Things have been a little hectic around here and I managed to forget to mention the Best Practices for Event Amplification Report which has recently been released. The report, written by Kirsty Pitkin and Paul Shabajee is a deliverable for the Greening Events II project and I was originally down as an author, unfortunately other commitments have since got in the way.
The report has some really useful content. It begins with an introduction to the current event spectrum (three key areas: hybrid, virtual and amplified events). Each area is explained and the benefits and challenges of each considered.
Case study accounts from the three areas are also presented. The event’s position on the event spectrum is identified, and areas like level of engagement, environmental benefits and financial cost considered.
The report concludes with a series of practical briefing documents to help event organisers rethink their own events and make use of amplified and hybrid event models. These include:
- Event Decision Template
- Event Amplification Planning Template
- Risk Analysis Checklist
- Participant Perspectives document
- Toolkit – with information on available tools
- Evaluation and Metrics suggestions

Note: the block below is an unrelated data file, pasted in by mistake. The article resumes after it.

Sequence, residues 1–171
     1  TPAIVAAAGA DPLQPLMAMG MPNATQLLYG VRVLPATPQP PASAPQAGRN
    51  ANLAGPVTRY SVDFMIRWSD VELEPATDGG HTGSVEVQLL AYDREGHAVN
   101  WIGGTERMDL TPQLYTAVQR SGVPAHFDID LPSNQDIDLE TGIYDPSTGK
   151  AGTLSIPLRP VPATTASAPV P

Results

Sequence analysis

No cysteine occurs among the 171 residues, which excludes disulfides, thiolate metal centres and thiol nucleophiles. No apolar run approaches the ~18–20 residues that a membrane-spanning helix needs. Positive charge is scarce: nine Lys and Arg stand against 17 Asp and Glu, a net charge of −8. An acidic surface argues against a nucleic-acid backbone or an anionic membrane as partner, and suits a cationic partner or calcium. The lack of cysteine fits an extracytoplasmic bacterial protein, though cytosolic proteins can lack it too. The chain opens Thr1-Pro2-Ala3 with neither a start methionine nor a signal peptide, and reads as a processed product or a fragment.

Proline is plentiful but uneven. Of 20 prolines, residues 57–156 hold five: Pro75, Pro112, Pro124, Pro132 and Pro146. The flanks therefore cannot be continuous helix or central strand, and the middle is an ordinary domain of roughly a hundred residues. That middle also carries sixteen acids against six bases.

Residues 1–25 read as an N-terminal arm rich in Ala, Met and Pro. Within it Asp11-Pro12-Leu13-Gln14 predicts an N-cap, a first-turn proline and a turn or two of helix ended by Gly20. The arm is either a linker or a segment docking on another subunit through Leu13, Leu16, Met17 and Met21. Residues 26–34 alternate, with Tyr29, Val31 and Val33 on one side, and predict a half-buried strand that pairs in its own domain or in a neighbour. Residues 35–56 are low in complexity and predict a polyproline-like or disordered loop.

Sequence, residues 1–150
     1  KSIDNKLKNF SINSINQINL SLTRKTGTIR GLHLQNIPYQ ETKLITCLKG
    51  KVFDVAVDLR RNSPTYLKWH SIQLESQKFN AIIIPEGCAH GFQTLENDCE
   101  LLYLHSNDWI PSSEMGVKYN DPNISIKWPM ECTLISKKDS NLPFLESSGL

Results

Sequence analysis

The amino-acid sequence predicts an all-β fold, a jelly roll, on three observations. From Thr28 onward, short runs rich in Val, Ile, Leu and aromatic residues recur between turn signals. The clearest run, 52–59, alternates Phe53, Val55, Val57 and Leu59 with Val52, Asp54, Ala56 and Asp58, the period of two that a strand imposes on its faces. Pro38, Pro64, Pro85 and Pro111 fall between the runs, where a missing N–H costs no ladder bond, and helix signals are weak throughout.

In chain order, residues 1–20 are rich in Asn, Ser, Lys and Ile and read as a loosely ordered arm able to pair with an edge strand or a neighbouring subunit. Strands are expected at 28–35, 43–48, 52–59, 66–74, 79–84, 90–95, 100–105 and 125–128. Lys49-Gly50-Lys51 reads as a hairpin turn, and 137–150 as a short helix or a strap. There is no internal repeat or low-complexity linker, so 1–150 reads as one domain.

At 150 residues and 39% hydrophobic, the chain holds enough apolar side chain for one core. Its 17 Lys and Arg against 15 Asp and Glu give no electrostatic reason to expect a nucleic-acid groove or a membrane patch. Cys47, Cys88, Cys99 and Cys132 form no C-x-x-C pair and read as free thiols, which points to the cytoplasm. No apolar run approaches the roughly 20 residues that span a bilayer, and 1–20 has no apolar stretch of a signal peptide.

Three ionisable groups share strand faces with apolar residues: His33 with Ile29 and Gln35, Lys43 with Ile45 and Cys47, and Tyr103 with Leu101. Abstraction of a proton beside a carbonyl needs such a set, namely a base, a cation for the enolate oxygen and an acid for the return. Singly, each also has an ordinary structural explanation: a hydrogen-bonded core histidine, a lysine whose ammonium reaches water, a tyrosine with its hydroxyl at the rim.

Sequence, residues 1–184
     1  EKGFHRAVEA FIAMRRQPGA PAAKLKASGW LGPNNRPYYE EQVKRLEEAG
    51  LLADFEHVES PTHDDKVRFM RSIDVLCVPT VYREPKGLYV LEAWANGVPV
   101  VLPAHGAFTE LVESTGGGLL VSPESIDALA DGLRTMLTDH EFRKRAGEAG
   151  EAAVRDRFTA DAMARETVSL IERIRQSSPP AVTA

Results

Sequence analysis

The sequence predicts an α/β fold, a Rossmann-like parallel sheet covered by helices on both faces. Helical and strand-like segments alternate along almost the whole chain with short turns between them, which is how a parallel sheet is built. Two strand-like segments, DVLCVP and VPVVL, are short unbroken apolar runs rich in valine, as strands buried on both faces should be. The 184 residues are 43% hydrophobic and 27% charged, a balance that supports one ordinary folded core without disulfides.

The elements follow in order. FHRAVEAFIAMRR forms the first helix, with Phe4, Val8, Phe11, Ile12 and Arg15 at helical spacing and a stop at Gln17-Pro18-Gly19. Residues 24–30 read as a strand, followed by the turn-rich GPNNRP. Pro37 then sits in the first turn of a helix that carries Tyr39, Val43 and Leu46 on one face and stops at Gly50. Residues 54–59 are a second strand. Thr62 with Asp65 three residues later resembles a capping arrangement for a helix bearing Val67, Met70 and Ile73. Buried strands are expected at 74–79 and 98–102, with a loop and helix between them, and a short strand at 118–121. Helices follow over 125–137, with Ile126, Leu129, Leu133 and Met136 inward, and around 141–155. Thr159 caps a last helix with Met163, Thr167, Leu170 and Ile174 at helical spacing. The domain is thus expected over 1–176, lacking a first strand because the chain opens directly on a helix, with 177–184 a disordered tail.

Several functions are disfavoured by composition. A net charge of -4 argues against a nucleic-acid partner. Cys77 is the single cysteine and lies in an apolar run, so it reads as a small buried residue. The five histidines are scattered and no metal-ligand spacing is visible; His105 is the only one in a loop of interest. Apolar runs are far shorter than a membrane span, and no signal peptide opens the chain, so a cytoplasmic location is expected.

In the appendices there is also some information on the environmental and sustainability impacts of events: carbon foot printing of transport, remote attendance, event amplification etc. Here a proviso is given that “while it seems that the emissions for remote attendees are very much lower than for physical attendees because of transport related emissions alone…this is not necessarily the case.” Reasons for this include offsetting of the savings, displacement of travel, stimulation of other activities etc. I’ve explored some of these ideas before in Home working and the Rebound Effect.
The report concludes by saying:
“Further study is required to assess the long term impact of amplified events and their influence on delegate behaviour patterns to identify the full potential of amplified and hybrid events to reduce the carbon impact of events within the education sector. However, evolving best practice and experimentation by a wider diversity of events will help to establish an evidence base for this further study and expose more event organisers, speakers and participants to new ways of working that could provide an effective alternative to event travel.“
Watch this space…